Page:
Audit Manager Laura Phippen Discusses Auditing Non-Profits
Laura Phippen is an audit manager for White Nelson Diehl Evans LLP. She began as an intern with the firm in 2000, and became a full-time employee in 2001. She earned her bachelor of arts degree in business administration with a concentration in accounting from California State University in Fullerton. Her primary area of expertise is the non-profit business sector. She recently sat down for an interview with Knowledge Applied to discuss her work with non-profit organizations.
How often should a non-profit organization do an external audit? How important is size in determining this frequency?
In the State of California, the Nonprofit Integrity Act of 2004 (with an effective date January 1, 2005) requires that charitable corporations, unincorporated associations and trusts (”non-profits”) must file with the Attorney General of Charitable Trusts their articles of incorporation or other documents governing the organization’s operations within 30 days after initial receipt of property. These organizations are required by the Act to prepare annual financial statements audited by an independent certified public accountant if they have gross revenues of $2 million or more. The audited financial statements must be made available for inspection by the Attorney General and the public no later than nine months after the close of the fiscal year covered by the financial statement. The $2 million-threshold excludes grants received from governmental entities if the nonprofit must provide an accounting of how it used the grant funds.
The federal government requires that nonprofit organizations spending $500,000 or more in federal contract funds in a fiscal year obtain a single audit report to ensure that they comply with federal grant management procedures. This is in addition to the financial statement audit.
Start-up non-profit organizations may find it difficult to obtain funding (grants, contracts and contributions) because the donor(s) would like to see audited financial statements and the most recently filed Form 990. Unfortunately, most of the time the organization can’t afford an audit due to lack of funding or they have only filed the Form 990-N (otherwise referred to as the “postcard”) or Form 990-EZ which both provide limited information.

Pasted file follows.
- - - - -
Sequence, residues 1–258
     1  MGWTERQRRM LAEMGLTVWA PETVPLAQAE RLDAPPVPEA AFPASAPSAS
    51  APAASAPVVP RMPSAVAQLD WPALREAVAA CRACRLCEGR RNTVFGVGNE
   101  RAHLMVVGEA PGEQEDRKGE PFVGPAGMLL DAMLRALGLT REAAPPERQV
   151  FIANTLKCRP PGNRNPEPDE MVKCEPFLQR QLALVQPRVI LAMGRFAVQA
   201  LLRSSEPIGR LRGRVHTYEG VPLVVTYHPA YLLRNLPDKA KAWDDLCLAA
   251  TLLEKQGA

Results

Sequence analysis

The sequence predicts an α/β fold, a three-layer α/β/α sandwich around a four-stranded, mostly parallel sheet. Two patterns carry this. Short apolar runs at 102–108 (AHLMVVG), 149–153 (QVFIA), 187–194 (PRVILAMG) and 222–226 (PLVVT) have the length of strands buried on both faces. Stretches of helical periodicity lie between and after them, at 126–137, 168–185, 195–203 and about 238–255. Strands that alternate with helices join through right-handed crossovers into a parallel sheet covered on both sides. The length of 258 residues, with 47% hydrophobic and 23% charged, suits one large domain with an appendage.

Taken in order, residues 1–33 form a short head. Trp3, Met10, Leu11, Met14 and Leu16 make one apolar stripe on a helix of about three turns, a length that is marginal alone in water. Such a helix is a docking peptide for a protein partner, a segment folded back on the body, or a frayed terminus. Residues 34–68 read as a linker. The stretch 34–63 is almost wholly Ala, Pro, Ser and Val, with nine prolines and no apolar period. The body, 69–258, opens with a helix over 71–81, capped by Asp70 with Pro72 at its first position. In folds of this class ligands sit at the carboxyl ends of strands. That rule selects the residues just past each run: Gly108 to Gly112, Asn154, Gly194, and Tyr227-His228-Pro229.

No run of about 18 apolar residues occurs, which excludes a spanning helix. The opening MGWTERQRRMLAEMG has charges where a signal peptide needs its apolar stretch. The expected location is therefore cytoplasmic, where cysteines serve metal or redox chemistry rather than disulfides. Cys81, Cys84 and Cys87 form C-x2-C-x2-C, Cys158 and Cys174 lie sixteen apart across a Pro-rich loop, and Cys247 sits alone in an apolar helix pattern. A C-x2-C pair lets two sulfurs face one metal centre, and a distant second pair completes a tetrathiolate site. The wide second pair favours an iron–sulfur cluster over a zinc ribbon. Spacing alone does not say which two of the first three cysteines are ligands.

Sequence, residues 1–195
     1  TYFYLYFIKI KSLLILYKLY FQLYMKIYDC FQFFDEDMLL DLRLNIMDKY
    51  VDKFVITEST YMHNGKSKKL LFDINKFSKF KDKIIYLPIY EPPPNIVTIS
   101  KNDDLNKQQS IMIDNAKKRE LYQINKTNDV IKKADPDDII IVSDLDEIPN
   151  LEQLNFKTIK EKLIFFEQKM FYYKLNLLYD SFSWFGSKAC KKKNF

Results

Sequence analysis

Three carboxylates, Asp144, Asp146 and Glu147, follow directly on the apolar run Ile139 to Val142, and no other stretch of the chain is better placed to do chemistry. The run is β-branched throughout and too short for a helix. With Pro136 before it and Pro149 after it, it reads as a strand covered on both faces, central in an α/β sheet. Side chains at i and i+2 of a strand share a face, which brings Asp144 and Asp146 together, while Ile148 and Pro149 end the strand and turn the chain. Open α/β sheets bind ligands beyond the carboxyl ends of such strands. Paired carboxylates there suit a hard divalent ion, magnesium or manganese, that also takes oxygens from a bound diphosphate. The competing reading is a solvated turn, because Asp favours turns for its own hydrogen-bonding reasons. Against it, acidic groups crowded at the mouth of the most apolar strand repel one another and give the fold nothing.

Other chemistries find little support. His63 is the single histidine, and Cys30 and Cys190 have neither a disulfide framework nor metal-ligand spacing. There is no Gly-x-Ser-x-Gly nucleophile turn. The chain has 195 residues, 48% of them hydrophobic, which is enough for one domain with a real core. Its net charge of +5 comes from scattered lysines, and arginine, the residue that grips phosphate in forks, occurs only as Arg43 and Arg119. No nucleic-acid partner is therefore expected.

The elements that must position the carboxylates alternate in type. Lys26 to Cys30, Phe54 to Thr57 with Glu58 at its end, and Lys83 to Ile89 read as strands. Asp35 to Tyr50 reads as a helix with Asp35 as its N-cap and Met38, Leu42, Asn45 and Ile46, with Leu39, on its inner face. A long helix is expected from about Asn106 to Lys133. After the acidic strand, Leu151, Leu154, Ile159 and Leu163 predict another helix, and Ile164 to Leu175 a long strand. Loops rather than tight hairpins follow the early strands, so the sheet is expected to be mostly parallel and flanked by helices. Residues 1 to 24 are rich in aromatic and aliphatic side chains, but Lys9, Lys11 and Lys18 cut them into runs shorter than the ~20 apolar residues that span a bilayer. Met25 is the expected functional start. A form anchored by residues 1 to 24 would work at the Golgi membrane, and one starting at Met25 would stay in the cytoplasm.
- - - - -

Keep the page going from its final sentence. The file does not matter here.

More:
Nonprofit organizations must constantly demonstrate where they receive money from, where those funds go and what percentage is used for charitable work. While no official requirements for a non-profit audit may exist for those organizations under the $2 million threshold, most organizations require audits in their bylaws. The annual audit is an essential component for closing the fiscal year and showing that the nonprofit spent the donated money according to the mission of the organization.
What are the benefits of regular external audits? What problems can be avoided with regular external audits?
Regular external audits provide reassurance to current donors and prospective donors that funds are being spent appropriately. Additionally, they can help protect those in management and those charged with governance (the board of directors) from unnecessary charges of carelessness or misappropriation in handling funds. Audits may help identify areas of internal control weaknesses, send a favorable message and build trust and confidence among the financial supporters of the organization, encourage good habits of fiscal responsibility and strengthen financial reporting for future periods.
Is the IRS auditing non-profit organizations more frequently now? How can regular external audits help a non-profit avoid such audits?
Yes the IRS is auditing more frequently now, and state and local governments which contribute to non-profits are auditing more often as well. Having an external auditor review a non-profit’s Form 990 can help avoid such audits, because these forms have become more complicated to complete and the external auditor understands what the government auditor is looking for.
When you audit non-profits, what are some common problems you find? How effective have you been at providing solutions?
One common problem I see is a lack of segregation of duties due to the size of the organization’s financial staff. A non-profit’s main purpose is its mission; the financial side is usually somewhere further down on the list of priorities. There is often a lack of knowledge of Generally Accepted Accounting Principles (GAAP) and/or reporting requirements. In many cases I’ve been able to assist organizations in identifying the areas that need improvement and provide suggestions to implement new policies and procedures. I’ve found that most appreciate the guidance.
What should a non-profit organization look for in selecting an accounting firm to perform an external audit?
They should choose a firm with a lot of experience dealing with non-profit organizations.
How many non-profit clients does White Nelson Diehl Evans serve? What is the range of size of these organizations, and what are some of the categories into which they fall?
Approximately 10% of our business is non-profits. Their size ranges from the start-up organization at $1 to $70 million in net assets. Their missions are in areas such as the development and support of boys and girls to better themselves, child education, child development, feeding the hungry (children, elderly, homeless), clothing the needy, environmental protection and private foundations supporting local communities and the arts.